Sep 9, 2014

Judge finds himself persuasive and rules accordingly

R. v. Sharkey, 2014 ONCJ 437 (CanLII)

For a second time in as many weeks, Ontario Court Justice David Paciocco made clear his view that the mandatory victim surcharge provided for in the Criminal Code of Canada amounted to “cruel and unusual punishment” and was therefore unconstitutional.

In R. v. Michael, 2014 ONCJ 360, the consequence of that finding was his declaration that the requirement was of no force or effect. [CanLII Connects contributor Elizabeth LeReverend summarizes the Michael case: 'Roving Punishment,' Victim Surcharge Unconstitutional, Ottawa Judge Finds].
At issue in R. v. Sharkey, is whether it was open to the judge to treat his own ruling as binding, persuasive or even relevant in a case where the accused did not raise a Charter challenge to the impugned law:

The Crown position is that the decision that I rendered in R. v. Michael is not available to be used in your case unless an application is brought for Charter relief and the entire issue is re-argued again in front of me. Their argument is that the declaration is invalid since Mr. Michael’s case came before me, a provincial court judge, and that my jurisdiction is that of a statutory judge without authority to impose a declaration.

Disregarding as unpersuasive the arguments and jurisprudence advanced by the Crown, Judge Paciocco set out the juridical and rational logic behind the necessity of treating his own declaration of constitutional invalidity as determinative in the present case:

I begin by accepting that provincial court judges’ decisions are not binding on other courts. They are however precedents arrived at through considered deliberation and imposed on the facts of a particular case, having legal consequences for the persons before the Court. They are therefore of persuasive value with respect to the decisions made by other courts or by the same court in other cases.

[. . .]

Second, even if there is no power to make formal declarations in the full sense because those decisions are not binding on everyone, the decision of a provincial court judge is not confined to the case before it alone. The decision in R. v. Lloyd does not hold that and that would be inconsistent with the general principles of stare decisis. Judges are free to follow decisions of other provincial court judges.

[. . .]

In my view, it makes no sense to interpret a finding of a provincial court judge that a statute is invalid as nothing other than a personal outcome applicable to the case at hand. There is no indication in s.52 that anything other than a full declaration of no force or effect is available and there is no suggestion in Big M Drug Mart that anything less than a full declaration of invalidity was intended by Justice Dickson in the passage just quoted.

[. . .]

It should not be necessary in order to trigger that consideration for formal and pointless Charter challenges to be brought in every case. Those Charter challenges would be particularly pointless in a case where I am presiding. I have already made a determination, after tremendous reflection, that the victim surcharge is unconstitutional as cruel and unusual treatment and punishment. It would be inappropriate, in my view, to require a Charter application to be brought in every case that comes before myself or any of my brother or sister judges before they can consider the persuasive impact of that decision.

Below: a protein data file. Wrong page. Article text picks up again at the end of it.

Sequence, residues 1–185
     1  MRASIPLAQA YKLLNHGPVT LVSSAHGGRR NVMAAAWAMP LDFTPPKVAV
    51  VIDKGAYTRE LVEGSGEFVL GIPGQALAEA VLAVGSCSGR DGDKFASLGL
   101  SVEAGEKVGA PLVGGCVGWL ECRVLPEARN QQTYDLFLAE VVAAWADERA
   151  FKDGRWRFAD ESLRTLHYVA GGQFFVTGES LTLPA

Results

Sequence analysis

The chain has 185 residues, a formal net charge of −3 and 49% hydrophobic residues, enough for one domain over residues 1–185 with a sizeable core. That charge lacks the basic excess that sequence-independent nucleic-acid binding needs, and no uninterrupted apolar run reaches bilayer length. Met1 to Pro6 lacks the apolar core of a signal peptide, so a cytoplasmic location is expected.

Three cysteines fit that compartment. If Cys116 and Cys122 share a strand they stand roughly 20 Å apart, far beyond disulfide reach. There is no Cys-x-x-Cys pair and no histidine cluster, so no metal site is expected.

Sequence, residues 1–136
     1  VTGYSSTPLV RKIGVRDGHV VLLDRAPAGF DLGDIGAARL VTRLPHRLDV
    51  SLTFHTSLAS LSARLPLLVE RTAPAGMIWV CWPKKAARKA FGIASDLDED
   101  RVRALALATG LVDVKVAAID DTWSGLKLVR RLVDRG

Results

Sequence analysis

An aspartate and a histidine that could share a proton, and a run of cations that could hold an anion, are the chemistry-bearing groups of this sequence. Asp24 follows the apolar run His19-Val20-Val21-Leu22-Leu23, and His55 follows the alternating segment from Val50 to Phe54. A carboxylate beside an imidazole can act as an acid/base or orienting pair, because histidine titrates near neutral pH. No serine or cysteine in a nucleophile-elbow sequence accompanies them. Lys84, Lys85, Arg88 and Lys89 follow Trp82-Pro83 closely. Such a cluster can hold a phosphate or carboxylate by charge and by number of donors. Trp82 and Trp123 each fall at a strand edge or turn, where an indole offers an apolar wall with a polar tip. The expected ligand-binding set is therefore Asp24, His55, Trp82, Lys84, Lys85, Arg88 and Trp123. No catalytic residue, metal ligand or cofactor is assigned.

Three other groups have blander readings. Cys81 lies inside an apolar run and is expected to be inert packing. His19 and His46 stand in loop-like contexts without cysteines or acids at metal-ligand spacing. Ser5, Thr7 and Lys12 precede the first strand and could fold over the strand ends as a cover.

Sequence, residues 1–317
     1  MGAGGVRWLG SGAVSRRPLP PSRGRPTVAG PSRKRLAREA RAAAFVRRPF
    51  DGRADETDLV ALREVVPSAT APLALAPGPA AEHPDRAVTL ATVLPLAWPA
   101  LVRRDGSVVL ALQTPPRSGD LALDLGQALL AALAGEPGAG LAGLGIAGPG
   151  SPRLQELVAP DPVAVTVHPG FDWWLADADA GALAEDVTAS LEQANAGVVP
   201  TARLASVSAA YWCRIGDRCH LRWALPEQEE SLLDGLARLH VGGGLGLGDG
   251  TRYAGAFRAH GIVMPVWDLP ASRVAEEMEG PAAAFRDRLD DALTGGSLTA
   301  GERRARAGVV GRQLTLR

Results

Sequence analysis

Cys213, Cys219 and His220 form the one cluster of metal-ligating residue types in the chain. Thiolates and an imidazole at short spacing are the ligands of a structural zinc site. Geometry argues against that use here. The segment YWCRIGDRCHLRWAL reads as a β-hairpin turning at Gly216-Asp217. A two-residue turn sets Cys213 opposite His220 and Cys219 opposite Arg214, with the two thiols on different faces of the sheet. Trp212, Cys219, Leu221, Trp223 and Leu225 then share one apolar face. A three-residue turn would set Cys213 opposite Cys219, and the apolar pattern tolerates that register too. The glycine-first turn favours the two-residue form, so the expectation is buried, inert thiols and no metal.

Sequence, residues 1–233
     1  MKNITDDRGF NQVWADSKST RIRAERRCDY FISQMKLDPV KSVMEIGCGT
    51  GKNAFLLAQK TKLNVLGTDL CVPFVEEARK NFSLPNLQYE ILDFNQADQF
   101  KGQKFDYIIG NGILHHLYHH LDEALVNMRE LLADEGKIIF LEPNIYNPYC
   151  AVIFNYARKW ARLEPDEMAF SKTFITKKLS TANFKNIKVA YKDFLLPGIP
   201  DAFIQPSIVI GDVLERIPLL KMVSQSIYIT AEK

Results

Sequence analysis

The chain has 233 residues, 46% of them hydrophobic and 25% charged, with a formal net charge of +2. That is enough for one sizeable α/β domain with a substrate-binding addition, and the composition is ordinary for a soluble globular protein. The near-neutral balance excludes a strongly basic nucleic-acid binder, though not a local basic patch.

[. . .]

Even if I accept, as I do, that the decision in R. v. Michael is not binding on other judges and it is a form of lesser declaration, the ordinary principles of stare decisis still apply. Those ordinary principles of stare decisis mean that a decision rendered by a provincial court judge remains a persuasive precedent, a considered adjudicated precedent in this case that the victim surcharge is unconstitutional. It cannot, in my view, be necessary for that ordinary principle of stare decisis to apply for the court files to be cluttered with repeated Charter applications. The precedent is available because it is a finding in law made by a judge that is a court of competent jurisdiction to render that decision.

If you practice criminal defence in Ottawa, there are clearly circumstances in which you will prefer to appear before Judge Paciocco. At the end of his ruling, he notes as follows:

In my view, not surprisingly, the decision in R. v. Michael is persuasive. I would not have taken the extreme measure of striking down a parliamentary provision had I not been thoroughly convinced that that was the correct legal outcome. I therefore propose to follow that provision in this case and in all other cases before me.

For anyone else wondering about the state of the law, things are a little more complicated. A day after Sharkey was heard, a different judge - of the same court and in the same city - expressly disregarded the Michael decision as unpersuasive. In R. v. Javier, 2014 ONCJ 361 (summarized here), the relevant provision of Criminal Code was considered valid and the victim surcharge applied.
Further complicating matters, is the question of the judge's correctness as a matter in law in interpreting the authority of his court to impose a declaration of invalidity in the first place. I'll leave that question for others to answer.
UPDATE: For those interested in a quick summary and analysis of R. v. Lloyd, see this one from CanLII Connects contributor Dallas Mack (who, as it happens, also appeared on behalf of the Crown in R. v. Michael).